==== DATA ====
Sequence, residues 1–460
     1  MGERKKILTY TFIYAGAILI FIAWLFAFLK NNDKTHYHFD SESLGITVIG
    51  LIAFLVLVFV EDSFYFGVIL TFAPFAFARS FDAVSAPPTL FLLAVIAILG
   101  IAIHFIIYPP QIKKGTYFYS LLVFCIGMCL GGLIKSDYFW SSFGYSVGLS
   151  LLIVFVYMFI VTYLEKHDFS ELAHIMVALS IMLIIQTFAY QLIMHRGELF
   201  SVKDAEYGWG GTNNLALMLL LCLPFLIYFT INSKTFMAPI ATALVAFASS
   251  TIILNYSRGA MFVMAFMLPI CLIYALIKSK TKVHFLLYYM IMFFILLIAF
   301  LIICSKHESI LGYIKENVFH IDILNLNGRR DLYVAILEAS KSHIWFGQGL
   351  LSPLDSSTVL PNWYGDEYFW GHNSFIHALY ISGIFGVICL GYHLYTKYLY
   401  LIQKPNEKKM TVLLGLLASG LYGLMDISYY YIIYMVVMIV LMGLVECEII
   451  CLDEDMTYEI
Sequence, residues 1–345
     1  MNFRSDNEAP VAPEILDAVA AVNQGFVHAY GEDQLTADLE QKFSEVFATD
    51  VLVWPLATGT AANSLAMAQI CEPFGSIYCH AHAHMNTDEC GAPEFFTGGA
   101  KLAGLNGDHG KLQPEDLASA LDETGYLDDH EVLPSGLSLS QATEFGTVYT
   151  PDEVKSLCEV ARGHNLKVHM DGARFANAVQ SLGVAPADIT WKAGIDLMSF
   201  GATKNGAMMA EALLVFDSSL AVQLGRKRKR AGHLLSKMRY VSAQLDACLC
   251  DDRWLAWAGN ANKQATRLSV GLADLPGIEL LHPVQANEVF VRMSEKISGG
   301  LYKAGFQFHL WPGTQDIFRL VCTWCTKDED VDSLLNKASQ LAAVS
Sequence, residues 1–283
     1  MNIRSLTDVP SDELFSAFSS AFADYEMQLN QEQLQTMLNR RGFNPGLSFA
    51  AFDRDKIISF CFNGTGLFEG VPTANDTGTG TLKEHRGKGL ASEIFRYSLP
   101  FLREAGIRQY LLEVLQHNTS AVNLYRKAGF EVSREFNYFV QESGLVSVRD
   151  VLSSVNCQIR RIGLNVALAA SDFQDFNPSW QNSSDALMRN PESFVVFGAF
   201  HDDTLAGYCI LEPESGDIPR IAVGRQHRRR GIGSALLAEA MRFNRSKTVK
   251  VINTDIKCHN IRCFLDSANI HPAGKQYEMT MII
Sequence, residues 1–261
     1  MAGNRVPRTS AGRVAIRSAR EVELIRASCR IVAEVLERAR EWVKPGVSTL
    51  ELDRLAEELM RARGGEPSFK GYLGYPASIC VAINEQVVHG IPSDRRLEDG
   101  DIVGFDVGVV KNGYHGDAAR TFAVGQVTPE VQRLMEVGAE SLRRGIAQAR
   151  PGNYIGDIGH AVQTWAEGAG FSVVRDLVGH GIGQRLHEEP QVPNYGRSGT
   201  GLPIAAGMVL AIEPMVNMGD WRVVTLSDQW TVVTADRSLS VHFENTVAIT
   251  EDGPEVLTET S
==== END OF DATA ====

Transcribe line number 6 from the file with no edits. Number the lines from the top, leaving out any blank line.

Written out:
   201  SVKDAEYGWG GTNNLALMLL LCLPFLIYFT INSKTFMAPI ATALVAFASS